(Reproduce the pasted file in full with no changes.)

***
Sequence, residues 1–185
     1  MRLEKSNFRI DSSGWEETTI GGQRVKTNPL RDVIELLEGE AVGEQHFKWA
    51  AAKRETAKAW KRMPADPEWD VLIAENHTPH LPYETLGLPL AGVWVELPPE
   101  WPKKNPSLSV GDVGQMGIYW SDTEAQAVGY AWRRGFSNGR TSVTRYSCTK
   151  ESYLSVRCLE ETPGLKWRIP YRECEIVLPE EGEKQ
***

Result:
Sequence, residues 1–185
     1  MRLEKSNFRI DSSGWEETTI GGQRVKTNPL RDVIELLEGE AVGEQHFKWA
    51  AAKRETAKAW KRMPADPEWD VLIAENHTPH LPYETLGLPL AGVWVELPPE
   101  WPKKNPSLSV GDVGQMGIYW SDTEAQAVGY AWRRGFSNGR TSVTRYSCTK
   151  ESYLSVRCLE ETPGLKWRIP YRECEIVLPE EGEKQ